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Drafting DEs is risk/reward

Join Jaguars Inside Report Senior Editor Vic Ketchman as he tackles the fans' tough questions.

Jon from Ocala, FL:
Would you let us know what defensive ends were selected in the top 15 in past drafts, as you have with other positions?

Vic: In 1995, Kevin Carter, Mike Mamula, Derrick Alexander and Ellis Johnson (Hugh Douglas was the 16th pick of that draft); in '96, Simeon Rice, Cedric Jones, Regan Upshaw; in '97, Peter Boulware; in '98, Andre Wadsworth, Grant Wistrom and Greg Ellis; in '99, none (Jevon Kearse was the 16th player chosen); in 2000, Courtney Brown and Shaun Ellis; in '01, Justin Smith, Andre Carter and Jamal Reynolds; in '02, Julius Peppers and Dwight Freeney; in '03, Terrell Suggs, Michael Haynes and Jerome McDougle. As you can see, drafting a defensive end introduces a major element of risk and reward.

Mike from Orange Park, FL:
I've figured the average level of experience of the Jaguars roster is something just under 4.5 years. In your opinion, is this a good ratio of youth to experience? How does our average years of experience stack up to, say, the New England Patriots? Is this a trend brought about by coach Del Rio?

Vic: There is very little difference between the average age of the youngest team in the league and the average age of the oldest team in the league. The bulk of every team's roster is comprised of young, aspiring players who represent the second half of a team's roster. Teams with older, star players also tend to be cap-heavy at the top and really need to turn to cheap youth in the second half of their rosters. With that in mind, I don't put a lot of stock in the "average age" statistic. It is easily skewed by circumstances and doesn't reflect the true age of the top half of a team's roster. In determining the relative age of a team, I tend to look at the age of that team's star players. For example, in 2002 the Jaguars committed themselves to rebuilding, which introduced a lot of young players to the roster, but Mark Brunell and Jimmy Smith remained the stars of the team, and you couldn't consider Brunell and Smith young players. In contrast, last year the Jaguars brought in a lot of older, veteran players to play special teams and provide depth, but several critical positions were turned over to youth. That fact was highlighted last season by the move to Byron Leftwich at quarterback. Players such as Leftwich, Rashean Mathis, Marcus Stroud, John Henderson, Vince Manuwai, Maurice Williams and other young starters make the Jaguars a young team. The Patriots take a big "average age" hit from older veterans such as Ty Law, Willie McGinest, Roman Phifer and Rodney Harrison, but the Pats' future is protected by young stars such as Tom Brady, Richard Seymour, Eugene Wilson, Daniel Graham and David Givens. The Pats' future is also protected by a mother lode of draft choices. Don't just look at the average age. To determine a team's true age, you have to examine several factors, then ask this question: If all of the players eight years in the league or older (years 4-7 are considered to be a player's prime) were cut, would the team collapse? If the answer is yes, you got an old team. If the answer is no, don't bother with the "average age" stat.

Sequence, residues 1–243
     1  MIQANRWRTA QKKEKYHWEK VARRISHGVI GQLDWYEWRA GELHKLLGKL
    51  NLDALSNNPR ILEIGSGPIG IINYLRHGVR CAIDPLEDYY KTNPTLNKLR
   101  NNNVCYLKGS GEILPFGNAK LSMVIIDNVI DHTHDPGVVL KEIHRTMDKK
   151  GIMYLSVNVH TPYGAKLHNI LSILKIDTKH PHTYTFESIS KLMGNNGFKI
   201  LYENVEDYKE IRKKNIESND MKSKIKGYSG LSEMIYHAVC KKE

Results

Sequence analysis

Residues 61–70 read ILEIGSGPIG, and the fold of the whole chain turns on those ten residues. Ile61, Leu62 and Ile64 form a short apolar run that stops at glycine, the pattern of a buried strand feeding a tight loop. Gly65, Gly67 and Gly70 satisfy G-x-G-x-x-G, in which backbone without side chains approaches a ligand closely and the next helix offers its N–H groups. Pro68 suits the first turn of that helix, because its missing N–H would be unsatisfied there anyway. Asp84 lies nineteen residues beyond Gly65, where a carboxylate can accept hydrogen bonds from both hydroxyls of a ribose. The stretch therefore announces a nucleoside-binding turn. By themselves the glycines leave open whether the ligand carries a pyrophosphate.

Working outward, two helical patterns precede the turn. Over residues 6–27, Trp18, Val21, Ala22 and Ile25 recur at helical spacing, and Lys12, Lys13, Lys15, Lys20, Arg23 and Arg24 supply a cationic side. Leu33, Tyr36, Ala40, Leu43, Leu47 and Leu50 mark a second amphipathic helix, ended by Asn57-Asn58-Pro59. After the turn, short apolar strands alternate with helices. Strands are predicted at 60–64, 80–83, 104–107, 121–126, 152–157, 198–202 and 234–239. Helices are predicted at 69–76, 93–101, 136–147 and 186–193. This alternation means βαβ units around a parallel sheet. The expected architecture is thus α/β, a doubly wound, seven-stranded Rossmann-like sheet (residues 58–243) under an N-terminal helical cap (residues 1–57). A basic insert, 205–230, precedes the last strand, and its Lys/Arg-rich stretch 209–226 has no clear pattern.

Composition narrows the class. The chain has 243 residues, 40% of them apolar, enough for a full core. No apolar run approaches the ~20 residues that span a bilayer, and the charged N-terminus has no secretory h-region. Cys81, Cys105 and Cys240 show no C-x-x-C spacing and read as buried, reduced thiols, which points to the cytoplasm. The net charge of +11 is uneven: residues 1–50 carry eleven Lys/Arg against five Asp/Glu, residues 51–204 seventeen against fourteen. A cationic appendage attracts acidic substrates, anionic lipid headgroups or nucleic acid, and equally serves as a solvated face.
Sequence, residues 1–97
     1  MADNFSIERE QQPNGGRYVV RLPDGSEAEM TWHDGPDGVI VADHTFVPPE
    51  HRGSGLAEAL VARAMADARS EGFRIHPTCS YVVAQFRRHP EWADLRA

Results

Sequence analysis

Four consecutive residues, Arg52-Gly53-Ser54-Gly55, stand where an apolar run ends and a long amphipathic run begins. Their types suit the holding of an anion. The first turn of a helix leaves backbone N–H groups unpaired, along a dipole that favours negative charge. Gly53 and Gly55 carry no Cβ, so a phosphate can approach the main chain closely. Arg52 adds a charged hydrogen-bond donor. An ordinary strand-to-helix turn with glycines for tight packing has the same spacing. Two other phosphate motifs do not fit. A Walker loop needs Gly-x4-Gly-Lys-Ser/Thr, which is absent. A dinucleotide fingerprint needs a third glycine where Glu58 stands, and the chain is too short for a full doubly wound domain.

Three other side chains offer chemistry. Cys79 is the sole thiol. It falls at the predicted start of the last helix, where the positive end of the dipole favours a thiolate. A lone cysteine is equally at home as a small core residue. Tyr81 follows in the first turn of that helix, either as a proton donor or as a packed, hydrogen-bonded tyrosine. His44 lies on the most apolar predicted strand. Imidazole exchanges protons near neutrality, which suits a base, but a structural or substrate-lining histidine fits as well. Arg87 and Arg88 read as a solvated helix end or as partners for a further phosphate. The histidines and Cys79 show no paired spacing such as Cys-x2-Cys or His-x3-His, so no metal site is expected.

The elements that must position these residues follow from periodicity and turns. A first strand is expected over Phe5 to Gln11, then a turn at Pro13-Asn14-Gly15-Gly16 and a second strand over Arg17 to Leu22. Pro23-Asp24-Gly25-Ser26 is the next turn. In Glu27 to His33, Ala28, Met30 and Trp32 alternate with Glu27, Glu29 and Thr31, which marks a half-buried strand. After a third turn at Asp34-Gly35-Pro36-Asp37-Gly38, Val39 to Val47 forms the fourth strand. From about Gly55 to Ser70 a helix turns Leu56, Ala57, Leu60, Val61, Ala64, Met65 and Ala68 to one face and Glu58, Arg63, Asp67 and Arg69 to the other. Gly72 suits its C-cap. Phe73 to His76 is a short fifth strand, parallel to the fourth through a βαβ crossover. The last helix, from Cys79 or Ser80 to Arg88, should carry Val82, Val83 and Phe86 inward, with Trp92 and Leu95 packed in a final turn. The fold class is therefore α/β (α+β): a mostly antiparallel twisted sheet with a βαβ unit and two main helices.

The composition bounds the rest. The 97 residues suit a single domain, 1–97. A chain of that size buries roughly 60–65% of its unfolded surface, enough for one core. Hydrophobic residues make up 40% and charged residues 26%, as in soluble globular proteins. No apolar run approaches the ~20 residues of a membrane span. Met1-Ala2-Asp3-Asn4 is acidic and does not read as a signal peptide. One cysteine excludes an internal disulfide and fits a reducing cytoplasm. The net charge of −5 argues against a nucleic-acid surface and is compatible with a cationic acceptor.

Jake from Jacksonville:
I am getting very excited as the draft is getting closer. My question is, what type of numbers did Kenechi Udeze put up for USC? Who would you compare him to?

Vic: Kenechi Udeze tied for the NCAA lead in sacks last season with 16.5. He was third nationally in tackles for loss with 26. He also made 56 total tackles, forced five fumbles, recovered one fumble, batted down three passes and blocked a field-goal attempt. In USC's Rose Bowl win over Michigan, Udeze rose to prominence with a performance that included four tackles for loss, three sacks and a forced fumble. His three-year USC career stats show 28 sacks, 51 tackles for loss, 135 total tackles, 14 forced fumbles, three fumble recoveries, four passes batted down and two blocked field-goal attempts. His history is clearly that of a play-maker. To whom would I compare him? I don't know because the East Coast bias that exists in college football has forbidden me from seeing Udeze play more than a couple of times.

Robert from Daytona Beach, FL:
What is the word on Tony Brackens? Is he gone or close to being signed by someone else or are there on-going talks with the Jaguars to return next season? And if so would his loss or return effect the draft selection of either a DE or WR?

Vic: My understanding is that Tony Brackens has sparked very little interest in free agency, which leads me to believe he might show interest in returning to the Jaguars. If that happens, however, I wouldn't expect it to have any effect on the team's draft-day decisions.

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